Blogger Nancy said...

Mystery squash isn't a pumpkin nor an acorn squash. Almost looks like a coyote melon which is inedible, but coyote melons don't normally grow in your climate...they grow by the wayside in Arizona and other hot, dry places.

August 26, 2008 at 11:42 AM  
Anonymous Anonymous said...

Love your cedar chest. Good thought. Having met the professor, I know what you mean about sweater volume. He's one tall dude! (I say this coming from a family of tall people, too.)

August 26, 2008 at 2:03 PM  
Blogger Sarah Jean said...

We still keep my grandmother's hope chest in the foyer; the cat hides under it every now and again. =D I'm sorry I can't be more helpful about your mystery squash...I have absolutely no idea about gardening.

August 26, 2008 at 10:31 PM  
Anonymous Anonymous said...

"The garden's squish plants." That's what they plant in Redmond, Washington, home to Microsquish (okay, yes, I do live in Silicon Valley with a geek husband.)

Gorgeous cedar chest. And I love the reference to hamster and gerbil cages, because that's what the childhood memories mine brings to me, too!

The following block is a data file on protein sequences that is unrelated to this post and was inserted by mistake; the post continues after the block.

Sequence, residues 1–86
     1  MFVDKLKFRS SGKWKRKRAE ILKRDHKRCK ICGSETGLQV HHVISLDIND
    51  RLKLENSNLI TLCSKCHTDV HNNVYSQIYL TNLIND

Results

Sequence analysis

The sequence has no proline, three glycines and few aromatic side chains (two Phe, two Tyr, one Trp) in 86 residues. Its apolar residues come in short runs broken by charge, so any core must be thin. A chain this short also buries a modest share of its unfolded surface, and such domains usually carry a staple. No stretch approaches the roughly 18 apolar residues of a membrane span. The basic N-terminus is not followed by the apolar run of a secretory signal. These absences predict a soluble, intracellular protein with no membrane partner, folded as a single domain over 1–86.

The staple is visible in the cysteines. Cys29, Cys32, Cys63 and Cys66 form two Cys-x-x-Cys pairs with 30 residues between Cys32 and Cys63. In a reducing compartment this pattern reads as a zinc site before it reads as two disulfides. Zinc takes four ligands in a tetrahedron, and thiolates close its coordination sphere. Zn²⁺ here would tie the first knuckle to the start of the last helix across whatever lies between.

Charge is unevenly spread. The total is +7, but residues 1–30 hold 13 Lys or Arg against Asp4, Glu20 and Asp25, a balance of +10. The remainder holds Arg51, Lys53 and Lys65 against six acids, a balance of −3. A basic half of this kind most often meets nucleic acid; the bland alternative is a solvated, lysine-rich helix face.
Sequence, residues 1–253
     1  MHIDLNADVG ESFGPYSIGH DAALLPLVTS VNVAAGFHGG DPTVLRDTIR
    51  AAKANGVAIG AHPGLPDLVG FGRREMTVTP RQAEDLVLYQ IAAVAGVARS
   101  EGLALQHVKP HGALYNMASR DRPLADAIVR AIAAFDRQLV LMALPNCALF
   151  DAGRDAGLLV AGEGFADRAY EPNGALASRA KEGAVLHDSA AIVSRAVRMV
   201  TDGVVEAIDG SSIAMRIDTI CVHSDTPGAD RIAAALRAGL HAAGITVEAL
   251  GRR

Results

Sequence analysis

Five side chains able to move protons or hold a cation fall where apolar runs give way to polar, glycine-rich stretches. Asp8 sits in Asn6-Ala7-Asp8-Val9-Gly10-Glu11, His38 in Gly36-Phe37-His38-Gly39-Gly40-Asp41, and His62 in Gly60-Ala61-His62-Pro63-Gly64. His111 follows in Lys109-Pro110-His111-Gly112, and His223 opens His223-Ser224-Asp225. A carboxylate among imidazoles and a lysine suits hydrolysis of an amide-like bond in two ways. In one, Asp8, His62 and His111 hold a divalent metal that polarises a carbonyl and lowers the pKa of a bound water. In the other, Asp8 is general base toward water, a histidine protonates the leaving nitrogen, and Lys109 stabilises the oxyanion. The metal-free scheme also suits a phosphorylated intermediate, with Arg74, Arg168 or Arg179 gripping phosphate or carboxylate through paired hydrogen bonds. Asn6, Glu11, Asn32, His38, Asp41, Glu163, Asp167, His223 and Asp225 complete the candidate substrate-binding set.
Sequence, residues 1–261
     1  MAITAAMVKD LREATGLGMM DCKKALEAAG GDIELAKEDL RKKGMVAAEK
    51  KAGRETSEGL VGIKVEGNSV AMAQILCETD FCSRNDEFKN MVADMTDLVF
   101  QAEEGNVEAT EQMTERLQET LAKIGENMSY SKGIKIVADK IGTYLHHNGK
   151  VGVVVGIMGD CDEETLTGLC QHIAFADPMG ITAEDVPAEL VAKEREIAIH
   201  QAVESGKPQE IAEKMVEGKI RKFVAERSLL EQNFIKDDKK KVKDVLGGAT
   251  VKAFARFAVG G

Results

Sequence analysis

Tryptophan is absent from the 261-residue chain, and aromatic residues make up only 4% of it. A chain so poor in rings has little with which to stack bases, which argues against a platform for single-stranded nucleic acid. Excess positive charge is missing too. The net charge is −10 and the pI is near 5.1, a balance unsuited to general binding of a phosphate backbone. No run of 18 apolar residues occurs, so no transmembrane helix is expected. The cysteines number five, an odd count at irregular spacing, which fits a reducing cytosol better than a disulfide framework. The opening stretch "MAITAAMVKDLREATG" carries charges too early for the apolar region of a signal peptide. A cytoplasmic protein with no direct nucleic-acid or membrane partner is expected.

August 27, 2008 at 1:50 PM  
Blogger Vicki said...

It's a white acorn squash. Here's a picture of one on this website.
Harvesting information here.
Winter squash is ready to harvest when the skins get hard. When our plants die is normally when we harvest ours.

August 27, 2008 at 3:00 PM  
Blogger knitalot3 said...

Sorry about your car, but I'm glad that's all the damage you sustained. Be sure to keep up with the hurricane repellent!

I love your cedar chest. I have always wanted one. Is there anything special you have to do to your woolens before putting them in there? Do they absorb oil or get stained?

August 27, 2008 at 3:46 PM  
Blogger Joanne said...

Hey Lisa! Nothing bad happens to your woolens in a cedar chest. They smell a little cedary, but nothing gets stained or oily. After a while, the cedar smell fades. I hear some people re-sand their cedar chests in order to maintain the smell. I mostly leave it be. I'm not a terribly serious housekeeper--if the furniture required upkeep, I wouldn't know it!

August 27, 2008 at 4:26 PM  
Anonymous Anonymous said...

Oh my god. That chest is lovely. I have a little one and a big one and they are filling up, but I have nowhere else to put another one. Still, I covet those!

August 29, 2008 at 7:22 AM